The lower figure is probably due to Eskom taking into account the current economic climate and the fact that the country is expected to show minimal, if any, growth this year. Eskom is saying that an 88% increase would have enabled it to to expand and improve on service delivery while the smaller increase will merely allow it to cover operating costs.
With the property market only expected to begin a recovery at the end of the year once the rate cuts have begun to impact the country’s finances, it seems that other sectors are in the same boat. Hopefully Eskom can make do with a 34% increase and allow consumers to get away with a smaller bite out of their budget.
What do you think? Will Eskom apply for only a 34% increase?
The latest G20 summit is taking place in London today but it has not been a smooth ride so far. Protesters broke the windows of banks lining the street while accusing world leaders of implementing policies that further enrich the wealthy and abandon the poor. Many of these protesters are in police custody this morning for their part in the protests that started a few days ago.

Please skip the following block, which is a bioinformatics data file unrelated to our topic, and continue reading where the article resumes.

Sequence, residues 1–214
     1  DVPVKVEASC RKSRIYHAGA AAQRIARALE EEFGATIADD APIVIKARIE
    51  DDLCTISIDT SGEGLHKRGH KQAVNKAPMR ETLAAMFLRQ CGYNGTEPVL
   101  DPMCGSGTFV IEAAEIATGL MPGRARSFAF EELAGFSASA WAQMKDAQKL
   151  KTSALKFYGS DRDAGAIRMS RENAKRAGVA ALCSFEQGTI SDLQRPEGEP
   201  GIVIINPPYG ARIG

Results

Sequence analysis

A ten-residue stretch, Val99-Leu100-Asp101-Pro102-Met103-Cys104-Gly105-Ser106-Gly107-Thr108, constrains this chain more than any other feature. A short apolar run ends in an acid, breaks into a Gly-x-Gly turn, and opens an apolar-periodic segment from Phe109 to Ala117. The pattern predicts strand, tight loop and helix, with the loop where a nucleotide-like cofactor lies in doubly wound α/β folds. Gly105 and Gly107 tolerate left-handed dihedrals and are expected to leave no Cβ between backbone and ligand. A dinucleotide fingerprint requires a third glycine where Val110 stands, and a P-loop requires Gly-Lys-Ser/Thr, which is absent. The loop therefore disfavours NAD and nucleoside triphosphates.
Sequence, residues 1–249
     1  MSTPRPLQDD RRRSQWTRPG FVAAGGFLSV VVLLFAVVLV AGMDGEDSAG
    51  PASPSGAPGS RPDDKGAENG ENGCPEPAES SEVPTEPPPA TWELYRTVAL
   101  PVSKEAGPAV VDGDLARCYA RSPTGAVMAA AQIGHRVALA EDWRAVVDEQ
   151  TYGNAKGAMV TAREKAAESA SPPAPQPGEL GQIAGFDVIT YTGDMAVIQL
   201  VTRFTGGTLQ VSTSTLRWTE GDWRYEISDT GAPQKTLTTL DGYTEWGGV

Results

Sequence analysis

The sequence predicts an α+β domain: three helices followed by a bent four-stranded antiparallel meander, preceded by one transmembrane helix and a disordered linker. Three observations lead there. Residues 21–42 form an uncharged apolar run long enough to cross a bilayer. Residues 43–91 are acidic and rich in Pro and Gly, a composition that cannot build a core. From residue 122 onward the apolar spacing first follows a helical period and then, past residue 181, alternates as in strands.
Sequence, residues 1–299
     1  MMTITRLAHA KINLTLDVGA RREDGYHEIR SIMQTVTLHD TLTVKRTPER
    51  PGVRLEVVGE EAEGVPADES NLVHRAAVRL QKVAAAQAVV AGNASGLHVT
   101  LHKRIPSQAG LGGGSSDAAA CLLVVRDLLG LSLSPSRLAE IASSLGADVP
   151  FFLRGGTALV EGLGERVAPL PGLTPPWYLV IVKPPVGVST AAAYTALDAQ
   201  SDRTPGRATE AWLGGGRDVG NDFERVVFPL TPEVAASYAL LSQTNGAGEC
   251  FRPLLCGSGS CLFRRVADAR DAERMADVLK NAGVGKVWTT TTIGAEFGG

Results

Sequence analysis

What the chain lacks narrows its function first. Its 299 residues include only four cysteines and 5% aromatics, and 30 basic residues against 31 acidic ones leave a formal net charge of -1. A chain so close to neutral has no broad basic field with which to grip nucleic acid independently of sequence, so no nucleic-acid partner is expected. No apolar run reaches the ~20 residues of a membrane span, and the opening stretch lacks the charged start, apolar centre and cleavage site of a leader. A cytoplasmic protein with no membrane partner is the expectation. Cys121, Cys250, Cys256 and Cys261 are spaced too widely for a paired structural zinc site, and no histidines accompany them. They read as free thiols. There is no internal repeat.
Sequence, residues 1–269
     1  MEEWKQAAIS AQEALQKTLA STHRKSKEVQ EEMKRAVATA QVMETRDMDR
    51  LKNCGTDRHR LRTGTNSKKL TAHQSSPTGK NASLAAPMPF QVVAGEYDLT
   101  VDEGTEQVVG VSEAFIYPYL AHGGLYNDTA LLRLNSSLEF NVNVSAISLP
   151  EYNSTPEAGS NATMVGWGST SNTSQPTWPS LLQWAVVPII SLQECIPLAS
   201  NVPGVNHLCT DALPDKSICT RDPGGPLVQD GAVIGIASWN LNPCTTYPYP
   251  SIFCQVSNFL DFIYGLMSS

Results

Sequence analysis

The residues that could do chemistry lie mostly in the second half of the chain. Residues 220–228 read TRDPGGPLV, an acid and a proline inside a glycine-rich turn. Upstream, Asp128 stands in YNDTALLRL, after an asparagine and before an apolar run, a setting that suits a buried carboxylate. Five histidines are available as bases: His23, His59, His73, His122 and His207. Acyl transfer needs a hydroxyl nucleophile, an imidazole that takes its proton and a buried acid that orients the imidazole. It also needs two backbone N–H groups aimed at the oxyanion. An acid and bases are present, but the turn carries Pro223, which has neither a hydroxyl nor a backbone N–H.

The protesters are marching in support of having a more transparent and democratic financial rescue plan that will counteract the effects of the global recession most countries are a part of. Their greatest concern is job creation, Britain and the US have slashed millions of jobs since the crisis began leaving many families with no income and no way to cover their monthly expenses.
Topics on the summits agenda are finding ways to aid business and households recover financially and how to prevent one economy’s tough times from affecting the rest of the world again. Hopefully we see some positive results that will assist not only business but also the man on the street.
Homeowners may be in for another shocking surprise when Eskom eventually reveals it’s price increase application to Nersa (National Energy Regulator of South Africa).
It has delayed it’s application and is saying that it is because of factors such as the magnitude of the world financial crisis and the approval by Cabinet of the Electricity Pricing Policy. According to Eskom these factors were not fully taken into account and the company now feels a review of their application is in order.